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Wed Jun 20, 2012, 08:33 AM

Charter Schools Fall Short on Disabled

A new government report shows that charter schools are not enrolling as high a portion of special-education students as traditional public schools, despite federal laws mandating that publicly financed schools run by private entities take almost every disabled student seeking to enroll.

Kelly Fischer says she visited three New Orleans charter schools, and all told her that they couldn't provide services to her disabled son, Noah.

The report, published Tuesday by the Government Accountability Office, the investigative arm of Congress, is the first comprehensive study focused on charter schools' enrollment of special-needs students, which has been a central issue in debates over those schools' rapid growth in the U.S.

The report showed that special-education students—those with diagnosed disabilities from Down Syndrome to attention-deficit disorder—made up 8.2% of charter school students during the 2009-2010 school year. While that was up from 7.7% the year before, it was below the average at traditional public schools of 11.2% in 2009-2010, and 11.3% the previous year.

Are we surprised?

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Arrow 4 replies Author Time Post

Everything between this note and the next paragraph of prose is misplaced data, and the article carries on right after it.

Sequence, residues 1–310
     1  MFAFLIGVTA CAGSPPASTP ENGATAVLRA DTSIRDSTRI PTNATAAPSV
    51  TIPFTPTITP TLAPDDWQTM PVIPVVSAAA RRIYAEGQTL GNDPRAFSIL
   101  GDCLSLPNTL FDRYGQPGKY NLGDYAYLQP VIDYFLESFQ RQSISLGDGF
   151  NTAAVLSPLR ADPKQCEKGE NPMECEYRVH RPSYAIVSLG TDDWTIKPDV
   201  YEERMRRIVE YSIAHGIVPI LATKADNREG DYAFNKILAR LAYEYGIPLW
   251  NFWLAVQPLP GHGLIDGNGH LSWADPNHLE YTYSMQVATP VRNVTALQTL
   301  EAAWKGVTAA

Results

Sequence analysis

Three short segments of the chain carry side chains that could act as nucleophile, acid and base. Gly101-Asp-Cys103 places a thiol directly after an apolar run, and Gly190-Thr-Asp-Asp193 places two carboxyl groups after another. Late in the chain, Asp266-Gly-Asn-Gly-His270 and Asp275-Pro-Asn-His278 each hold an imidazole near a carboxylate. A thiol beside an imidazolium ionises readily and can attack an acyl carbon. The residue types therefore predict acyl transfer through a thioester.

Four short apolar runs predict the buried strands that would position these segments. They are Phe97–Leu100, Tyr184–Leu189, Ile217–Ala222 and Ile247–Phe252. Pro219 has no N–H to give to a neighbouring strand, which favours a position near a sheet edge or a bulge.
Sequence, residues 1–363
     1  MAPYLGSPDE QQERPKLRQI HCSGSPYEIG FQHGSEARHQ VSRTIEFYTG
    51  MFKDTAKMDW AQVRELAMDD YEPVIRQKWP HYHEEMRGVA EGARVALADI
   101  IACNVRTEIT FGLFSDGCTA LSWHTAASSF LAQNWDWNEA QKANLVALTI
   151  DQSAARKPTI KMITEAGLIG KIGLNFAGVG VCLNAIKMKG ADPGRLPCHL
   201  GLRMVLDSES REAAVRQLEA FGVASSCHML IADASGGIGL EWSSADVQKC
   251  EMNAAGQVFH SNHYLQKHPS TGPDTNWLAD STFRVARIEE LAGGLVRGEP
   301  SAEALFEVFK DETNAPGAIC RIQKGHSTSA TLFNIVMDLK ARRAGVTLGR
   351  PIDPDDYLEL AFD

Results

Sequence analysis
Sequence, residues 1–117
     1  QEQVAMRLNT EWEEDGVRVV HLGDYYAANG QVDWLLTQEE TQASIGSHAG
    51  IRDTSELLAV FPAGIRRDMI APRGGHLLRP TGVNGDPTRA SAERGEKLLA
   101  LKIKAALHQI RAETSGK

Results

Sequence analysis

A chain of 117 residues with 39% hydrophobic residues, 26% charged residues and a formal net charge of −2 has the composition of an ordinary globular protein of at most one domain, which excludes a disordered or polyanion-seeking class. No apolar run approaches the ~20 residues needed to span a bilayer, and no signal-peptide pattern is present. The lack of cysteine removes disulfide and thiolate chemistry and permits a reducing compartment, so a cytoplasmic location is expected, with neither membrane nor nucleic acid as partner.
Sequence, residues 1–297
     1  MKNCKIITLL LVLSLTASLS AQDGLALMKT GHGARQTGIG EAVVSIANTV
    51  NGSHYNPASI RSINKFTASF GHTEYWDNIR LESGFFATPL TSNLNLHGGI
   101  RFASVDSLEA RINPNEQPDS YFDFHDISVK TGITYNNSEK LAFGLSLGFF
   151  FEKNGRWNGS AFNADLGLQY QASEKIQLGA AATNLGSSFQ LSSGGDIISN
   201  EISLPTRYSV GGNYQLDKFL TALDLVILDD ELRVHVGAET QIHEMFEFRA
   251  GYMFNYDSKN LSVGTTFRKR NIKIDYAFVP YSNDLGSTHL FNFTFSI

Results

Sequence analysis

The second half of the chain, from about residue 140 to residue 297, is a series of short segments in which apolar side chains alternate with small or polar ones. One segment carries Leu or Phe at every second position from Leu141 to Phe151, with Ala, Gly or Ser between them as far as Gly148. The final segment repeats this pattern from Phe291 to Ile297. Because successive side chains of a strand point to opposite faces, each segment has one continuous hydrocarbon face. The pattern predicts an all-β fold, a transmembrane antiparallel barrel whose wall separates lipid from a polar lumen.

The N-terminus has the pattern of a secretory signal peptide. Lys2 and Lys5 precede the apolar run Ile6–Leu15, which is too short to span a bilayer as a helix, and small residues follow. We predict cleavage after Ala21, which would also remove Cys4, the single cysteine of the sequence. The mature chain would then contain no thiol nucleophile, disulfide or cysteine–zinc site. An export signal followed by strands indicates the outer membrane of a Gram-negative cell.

Reply Charter Schools Fall Short on Disabled (Original post)
antigop Jun 2012 OP
madrchsod Jun 2012 #1
MichiganVote Jun 2012 #3
NYC_SKP Jun 2012 #2
sulphurdunn Jun 2012 #4

Response to antigop (Original post)

Wed Jun 20, 2012, 08:42 AM

1. a friend taught english and band at a grade school in the chicago burbs

to keep from failing the achievement goals the system moved all the special needs kids to one school. the other four schools achieved their goals. then they cut back on music and band so she was placed teaching math to 4th graders. she said she felt bad for her students because she was awful at math and she had zero experience in teaching it.

so i`m not surprised at all

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Response to madrchsod (Reply #1)

Wed Jun 20, 2012, 12:21 PM

3. Thats illegal


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Response to antigop (Original post)